See also: Benjamin A. Elman, “Imperial Politics and Confucian Societies in Late Imperial China: The Hanlin and Donglin Academies” Modern China,” Vol. 15, No. 4. (Oct., 1989), pp. 379-418. Downloadable PDF for those with JStor access at: 3AIPACSI%3E2.0.CO%3B2-E


[6]For a contemporary conservative statement which disagrees that factionalism is evil, or that Madison truly believed that it was, see: “Partisanship: The glue that holds the union together”, The Roanoke Times, Sunday, April 12, 2009:

[7]Often policies which are truly departures from the status quo are allowed to be instituted in local areas which particularly favor them; if successful, they are then put into effect on a wider scale. In doing so, the architects of such changes are then usually promoted to more important responsibilities as well, and have often constituted a recognizable faction.

[8]The incredible turmoil of the Great Proletarian Cultural Revolution (1968-78) was a prolonged period of just such factionalism. I believe the Tian An Men violence of 1989 to have been so pronounced precisely because it grew out of a serious factional split within the party when reformers attempted to rally around Zhao Ziyang and position him to succeed Deng Xiaoping. Zhao, I believe, attempted to utilize student and worker unrest and the conservatives met what they regarded as escalation (going outside the Party to pressure policy making internal to the Party) with escalation—armed violence.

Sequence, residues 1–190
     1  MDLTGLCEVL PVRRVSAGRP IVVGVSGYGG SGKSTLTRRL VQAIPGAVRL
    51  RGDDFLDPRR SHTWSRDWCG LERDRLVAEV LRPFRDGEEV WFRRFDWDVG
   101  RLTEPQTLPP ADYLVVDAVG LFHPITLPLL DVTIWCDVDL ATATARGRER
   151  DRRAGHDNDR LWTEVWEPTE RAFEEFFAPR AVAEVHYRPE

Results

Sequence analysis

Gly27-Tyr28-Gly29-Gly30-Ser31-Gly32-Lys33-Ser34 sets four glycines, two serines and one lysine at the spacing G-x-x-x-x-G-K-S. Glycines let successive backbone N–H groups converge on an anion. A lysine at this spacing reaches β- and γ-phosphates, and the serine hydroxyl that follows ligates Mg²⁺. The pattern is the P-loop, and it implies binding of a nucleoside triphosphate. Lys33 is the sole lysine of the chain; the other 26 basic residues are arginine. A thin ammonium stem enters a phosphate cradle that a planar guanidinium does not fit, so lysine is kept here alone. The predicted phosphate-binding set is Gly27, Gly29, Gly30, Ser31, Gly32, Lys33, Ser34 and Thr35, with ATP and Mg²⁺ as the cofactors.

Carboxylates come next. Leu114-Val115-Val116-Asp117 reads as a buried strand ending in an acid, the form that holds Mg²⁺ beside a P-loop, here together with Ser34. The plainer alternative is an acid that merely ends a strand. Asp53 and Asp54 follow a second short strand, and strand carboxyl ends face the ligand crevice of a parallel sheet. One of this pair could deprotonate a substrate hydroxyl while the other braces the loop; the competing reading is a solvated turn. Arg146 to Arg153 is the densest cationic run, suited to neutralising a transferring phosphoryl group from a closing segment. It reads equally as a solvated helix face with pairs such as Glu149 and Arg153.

[9]For a recent example from the Confucian cultural sphere, in this case Taiwan, see: Edward Wong, “Life Sentence for Taiwan Ex-President,” The New York Times, 9/11/2009. Found at:

[10]See, for example, Ariana Eunjung Cha, “China Food Fears Go from Pets to People” Washington Post Foreign Service, April 25, 2007 at:

[11]See “China blogger population exceeds 50 mln: report” January 7, 2009. The population-exceeds-50-mln-report-20090107-7btm.html

[12]See, for example, Kathrin Hille “How China polices the internet,”FT.Com, July 17 2009:

[13]View an article and a transcript of a Brookings Center Presentation Event “Understanding China’s “Angry Youth”: What Does the Future Hold?” at:

[14]It could be argued that they are being punished for failing to suppress information, not for implementing bad policy. I would argue that in practice the distinction is unimportant; the result is still pressure to mediate problems before they create bad publicity.

[15]Thomas L. Friedman, “Our One-Party Democracy” The New York Times, September 8, 2009